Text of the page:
I recently gave in to a hankering for Swedish meatballs (another childhood thing). The McCormick seasoning/sauce mix packet sang its siren song and I got it. The fragrance was remarkable and the meatballs and sauce disappeared in record time.

Apr 12, 2014
shaogo in General Topics

Where do you go for tempura?

I'm also looking forward to an answer. I've tried a couple -- it's been about 2 years ago -- and I've been very disappointed.

Apr 12, 2014
shaogo in Manhattan

Paying it forward

I have a very wealthy friend who often does this. Even though I'm not rich his spirit of giving infected me and I tried it. Karma is a great thing and reveals itself, at least to me, when I least expect it. I can think that helping someone out -- even if they don't really need the help -- rewards me with a general good feeling and leave it at that, but then karma comes in and rewards me with something a hundred fold more valuable. Sometimes these gifts are material but much more often they're gifts of the spirit, or of friendship -- or love.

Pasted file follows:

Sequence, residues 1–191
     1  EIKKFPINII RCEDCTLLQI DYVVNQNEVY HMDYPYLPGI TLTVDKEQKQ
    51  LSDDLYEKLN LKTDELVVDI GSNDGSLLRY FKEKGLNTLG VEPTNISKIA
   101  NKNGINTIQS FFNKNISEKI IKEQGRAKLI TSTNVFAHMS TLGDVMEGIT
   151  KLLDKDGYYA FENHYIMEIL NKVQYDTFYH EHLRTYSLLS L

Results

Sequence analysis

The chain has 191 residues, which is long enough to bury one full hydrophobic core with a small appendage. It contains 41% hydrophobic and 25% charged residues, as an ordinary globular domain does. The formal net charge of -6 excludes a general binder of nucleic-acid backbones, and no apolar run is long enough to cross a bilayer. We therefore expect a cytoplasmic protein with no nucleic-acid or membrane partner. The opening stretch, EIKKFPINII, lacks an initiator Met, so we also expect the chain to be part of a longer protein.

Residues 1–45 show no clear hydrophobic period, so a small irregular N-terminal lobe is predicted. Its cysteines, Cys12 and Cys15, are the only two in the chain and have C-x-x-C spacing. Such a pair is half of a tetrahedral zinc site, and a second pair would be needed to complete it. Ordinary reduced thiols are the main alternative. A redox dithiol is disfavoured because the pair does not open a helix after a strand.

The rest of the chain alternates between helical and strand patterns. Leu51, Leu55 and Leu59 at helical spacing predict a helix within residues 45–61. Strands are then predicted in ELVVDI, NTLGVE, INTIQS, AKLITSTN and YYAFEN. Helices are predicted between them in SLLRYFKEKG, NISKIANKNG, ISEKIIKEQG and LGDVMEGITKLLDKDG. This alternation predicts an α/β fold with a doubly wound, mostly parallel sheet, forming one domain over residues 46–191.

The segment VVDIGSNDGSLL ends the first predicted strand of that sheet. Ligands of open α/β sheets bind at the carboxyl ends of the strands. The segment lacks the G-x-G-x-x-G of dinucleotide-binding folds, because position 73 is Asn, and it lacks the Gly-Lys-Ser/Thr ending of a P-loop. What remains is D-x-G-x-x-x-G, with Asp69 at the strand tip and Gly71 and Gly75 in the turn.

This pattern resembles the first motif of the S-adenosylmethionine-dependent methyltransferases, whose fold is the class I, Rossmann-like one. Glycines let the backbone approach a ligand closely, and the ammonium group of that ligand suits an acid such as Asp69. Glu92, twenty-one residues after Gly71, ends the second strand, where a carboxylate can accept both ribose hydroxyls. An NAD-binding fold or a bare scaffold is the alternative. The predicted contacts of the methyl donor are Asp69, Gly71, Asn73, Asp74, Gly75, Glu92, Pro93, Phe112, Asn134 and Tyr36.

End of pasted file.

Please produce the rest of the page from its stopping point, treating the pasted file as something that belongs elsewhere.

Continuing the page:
If someone is such a boor that they have some sort of attitude about having a drink/coffee/meal paid for by someone else, they have a much larger lesson to learn about themselves and they must work through that situation for themselves. Let 'em complain but don't worry about their discomfort. In the case of folks like these, it's therapeutic.

Apr 12, 2014
shaogo in Not About Food
1

Have you ever lost your cooking Mojo?

At home, if I'm not inspired to make something I generally force myself to cook something. The other day I had a cold and just couldn't get started; just boiling water in the kettle for tea got me going. While I waited, I cleaned the fridge a bit and started lunch. By dinnertime I'd also baked a coffee cake to serve at breakfast the following day.

There's always stuff in the fridge and although we've let the pantry get low at times, right now we have quite a collection of stuff in our cabinets. That has no bearing when I'm not feeling the creative urge -- and cooking becomes a necessity; even a chore.